When the next Waterfowl Breeding Population and Habitat Survey is conducted in May 2011, many of the pilot biologists will be taking flight with a brand new set of wings. During the 2010 EAA AirVenture aviation show in Oshkosh, Wisconsin, it was revealed that the U.S. Fish and Wildlife Service has received nine new Kodiak float planes to replace some of the older, smaller planes that have been used to fly the surveys across North America. According to Jim Wortham, pilot biologist and chief of the migratory bird survey program, the new planes have a high saftey rating and greater performance range, and the new turbine engines will offer greater reliability in the field, increasing the overall efficiency of their misson.
Final results from the 2010 Waterfowl Breeding Population and Habitat Survey are now available. Preliminary reports are confirmed -- a total duck population estimate of nearly 41 million birds in the traditional survey area, which is similar to the 2009 tally and 21 percent above the long term average.
The latest Migratory Bird Hunting Activity and Harvest Report has been released, reporting that over 13.1 million ducks were harvested in the United States during the 2009-2010 waterfowl hunting season, down from 13.6 million from the previous season. The number of harvested geese also decreased somewhat, from about 3.8 million harvested in the 2008-2009 season to 3.3 million harvested nationally in the 2009-2010 season.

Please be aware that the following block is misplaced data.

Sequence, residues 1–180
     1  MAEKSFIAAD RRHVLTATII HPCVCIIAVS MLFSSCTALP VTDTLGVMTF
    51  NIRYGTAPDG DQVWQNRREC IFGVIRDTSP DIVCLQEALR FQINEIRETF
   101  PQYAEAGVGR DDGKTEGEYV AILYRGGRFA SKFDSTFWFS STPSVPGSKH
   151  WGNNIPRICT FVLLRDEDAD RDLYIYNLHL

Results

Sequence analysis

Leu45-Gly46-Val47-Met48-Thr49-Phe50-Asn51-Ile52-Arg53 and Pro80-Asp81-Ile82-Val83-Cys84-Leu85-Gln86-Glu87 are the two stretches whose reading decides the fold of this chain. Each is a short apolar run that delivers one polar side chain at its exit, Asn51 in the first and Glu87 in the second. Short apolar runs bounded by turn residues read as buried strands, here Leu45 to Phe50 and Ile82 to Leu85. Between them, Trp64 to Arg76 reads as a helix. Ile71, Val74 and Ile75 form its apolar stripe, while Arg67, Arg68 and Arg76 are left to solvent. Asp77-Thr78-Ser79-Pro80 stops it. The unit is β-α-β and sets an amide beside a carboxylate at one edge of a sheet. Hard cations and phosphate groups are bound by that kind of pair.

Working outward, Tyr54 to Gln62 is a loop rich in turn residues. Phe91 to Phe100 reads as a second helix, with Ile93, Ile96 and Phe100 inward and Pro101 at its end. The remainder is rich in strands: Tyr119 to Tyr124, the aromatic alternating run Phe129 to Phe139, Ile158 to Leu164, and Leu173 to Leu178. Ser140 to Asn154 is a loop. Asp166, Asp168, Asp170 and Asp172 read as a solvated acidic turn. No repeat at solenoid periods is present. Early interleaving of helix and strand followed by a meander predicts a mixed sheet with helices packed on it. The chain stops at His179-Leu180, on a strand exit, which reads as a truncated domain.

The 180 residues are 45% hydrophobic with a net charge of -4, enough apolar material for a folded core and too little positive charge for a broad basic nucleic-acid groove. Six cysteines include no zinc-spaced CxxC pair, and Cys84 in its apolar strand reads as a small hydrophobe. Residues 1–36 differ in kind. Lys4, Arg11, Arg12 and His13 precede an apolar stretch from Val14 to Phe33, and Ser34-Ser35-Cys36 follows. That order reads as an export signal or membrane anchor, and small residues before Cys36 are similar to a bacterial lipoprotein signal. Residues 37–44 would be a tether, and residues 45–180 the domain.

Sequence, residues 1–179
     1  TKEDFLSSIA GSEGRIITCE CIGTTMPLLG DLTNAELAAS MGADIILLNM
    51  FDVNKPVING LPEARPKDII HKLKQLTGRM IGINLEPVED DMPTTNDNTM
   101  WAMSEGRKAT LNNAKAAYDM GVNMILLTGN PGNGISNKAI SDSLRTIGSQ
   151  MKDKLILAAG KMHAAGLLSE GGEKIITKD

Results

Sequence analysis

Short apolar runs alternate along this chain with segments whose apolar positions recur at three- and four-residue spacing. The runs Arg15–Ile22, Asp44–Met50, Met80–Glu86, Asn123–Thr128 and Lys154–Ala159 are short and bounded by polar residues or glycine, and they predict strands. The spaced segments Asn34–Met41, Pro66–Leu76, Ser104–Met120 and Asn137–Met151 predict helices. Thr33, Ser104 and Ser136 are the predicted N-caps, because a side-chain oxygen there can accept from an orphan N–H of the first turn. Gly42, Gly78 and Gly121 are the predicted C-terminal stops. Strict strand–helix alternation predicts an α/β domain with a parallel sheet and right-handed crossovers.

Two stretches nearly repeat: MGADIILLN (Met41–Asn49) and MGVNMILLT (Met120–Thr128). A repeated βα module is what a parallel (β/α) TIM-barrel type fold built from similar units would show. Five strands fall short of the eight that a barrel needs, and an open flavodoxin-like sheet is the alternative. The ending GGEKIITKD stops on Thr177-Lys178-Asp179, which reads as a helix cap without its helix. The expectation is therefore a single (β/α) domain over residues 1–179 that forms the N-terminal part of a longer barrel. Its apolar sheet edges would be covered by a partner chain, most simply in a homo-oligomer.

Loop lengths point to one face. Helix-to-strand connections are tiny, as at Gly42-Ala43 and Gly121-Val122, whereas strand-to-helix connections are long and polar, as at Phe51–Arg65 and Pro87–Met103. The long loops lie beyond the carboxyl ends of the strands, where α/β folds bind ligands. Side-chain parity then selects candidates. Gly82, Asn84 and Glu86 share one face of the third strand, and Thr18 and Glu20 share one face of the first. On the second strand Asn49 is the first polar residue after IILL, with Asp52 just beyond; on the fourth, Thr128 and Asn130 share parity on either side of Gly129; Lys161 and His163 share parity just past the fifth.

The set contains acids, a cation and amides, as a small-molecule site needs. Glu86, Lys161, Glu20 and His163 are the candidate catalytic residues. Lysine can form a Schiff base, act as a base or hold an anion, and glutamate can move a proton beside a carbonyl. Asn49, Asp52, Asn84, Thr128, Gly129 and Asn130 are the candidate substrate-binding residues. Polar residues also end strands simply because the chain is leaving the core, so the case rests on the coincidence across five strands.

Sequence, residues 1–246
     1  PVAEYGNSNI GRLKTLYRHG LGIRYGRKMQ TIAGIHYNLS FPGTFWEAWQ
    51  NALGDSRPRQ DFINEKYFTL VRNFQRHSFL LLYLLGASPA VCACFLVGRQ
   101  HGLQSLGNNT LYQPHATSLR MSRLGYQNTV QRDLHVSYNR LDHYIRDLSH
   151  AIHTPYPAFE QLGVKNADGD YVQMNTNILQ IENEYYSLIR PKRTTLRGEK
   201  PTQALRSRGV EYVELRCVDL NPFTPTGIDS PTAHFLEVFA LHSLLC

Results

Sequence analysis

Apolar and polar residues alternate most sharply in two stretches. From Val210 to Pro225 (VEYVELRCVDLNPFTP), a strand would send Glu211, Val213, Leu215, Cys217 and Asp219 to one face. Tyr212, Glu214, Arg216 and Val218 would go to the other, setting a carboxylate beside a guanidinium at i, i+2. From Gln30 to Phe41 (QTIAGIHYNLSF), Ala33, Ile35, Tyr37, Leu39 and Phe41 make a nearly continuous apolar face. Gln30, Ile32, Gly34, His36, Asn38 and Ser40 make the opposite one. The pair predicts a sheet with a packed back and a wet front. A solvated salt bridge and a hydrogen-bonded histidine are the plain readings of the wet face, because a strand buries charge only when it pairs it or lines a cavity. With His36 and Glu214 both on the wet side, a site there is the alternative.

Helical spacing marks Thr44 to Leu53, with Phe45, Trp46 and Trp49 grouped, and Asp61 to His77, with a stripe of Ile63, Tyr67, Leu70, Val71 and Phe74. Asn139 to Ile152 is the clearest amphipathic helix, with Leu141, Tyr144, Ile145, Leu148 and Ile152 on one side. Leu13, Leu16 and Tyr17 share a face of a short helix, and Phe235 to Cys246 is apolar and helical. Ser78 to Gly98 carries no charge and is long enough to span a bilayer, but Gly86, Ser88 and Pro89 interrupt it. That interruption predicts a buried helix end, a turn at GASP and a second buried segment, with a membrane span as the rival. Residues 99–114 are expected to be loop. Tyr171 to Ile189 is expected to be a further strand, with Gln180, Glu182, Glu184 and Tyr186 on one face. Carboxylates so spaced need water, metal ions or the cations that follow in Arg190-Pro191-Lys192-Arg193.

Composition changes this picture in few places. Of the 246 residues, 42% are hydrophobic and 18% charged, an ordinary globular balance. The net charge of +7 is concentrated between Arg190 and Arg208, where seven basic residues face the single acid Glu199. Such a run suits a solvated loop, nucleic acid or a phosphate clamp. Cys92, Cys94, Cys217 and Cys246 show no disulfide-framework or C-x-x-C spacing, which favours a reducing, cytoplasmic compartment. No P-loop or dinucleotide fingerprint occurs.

In addition to downloading the full report, you can also generate custom harvest trends reports to quickly and easily view the information that is important to you. With these custom reports, you can view harvest trends for a specific species in a specific state; or you can view results for all ducks or all geese on a national level or within a selected flyway; or you can see the total of all ducks and geese at the national level. Results from these custom reports are presented in line graph format to easily illustrate harvest trends from 1961 through 2009. To view harvest activity reports for previous years, visit the U.S. Fish and Wildlife Service Migratory Bird Management website.
Preliminary results for the 2010 Waterfowl Breeding Population and Habitat Survey are now available. The estimate of 40.9 million birds is similar to last year’s estimate of 42.0 million, and was 21% above the long-term average. The total pond estimate was 6.7 million, which was similar to last year’s estimate and 34% above the long-term average. Habitat conditions were characterized by average to below-average moisture and a mild winter and early spring across the entire traditional (including the northern locations) and eastern survey areas. Note: Estimates sometimes change between the preliminary numbers and final results.
While the spring waterfowl population survey results are expected to indicate that population sizes of most duck species and breeding habitat conditions are good this year, the U.S. Fish and Wildlife Service remains "very concerned" about the impacts of of the gulf coast oil spill. With millions of waterfowl and other migratory birds beginning their fall migration to wintering and stopover habitat along the Gulf Coast in just a few weeks, those impacts will continue to be monitored and taken into account when establishing hunting frameworks for the upcoming season.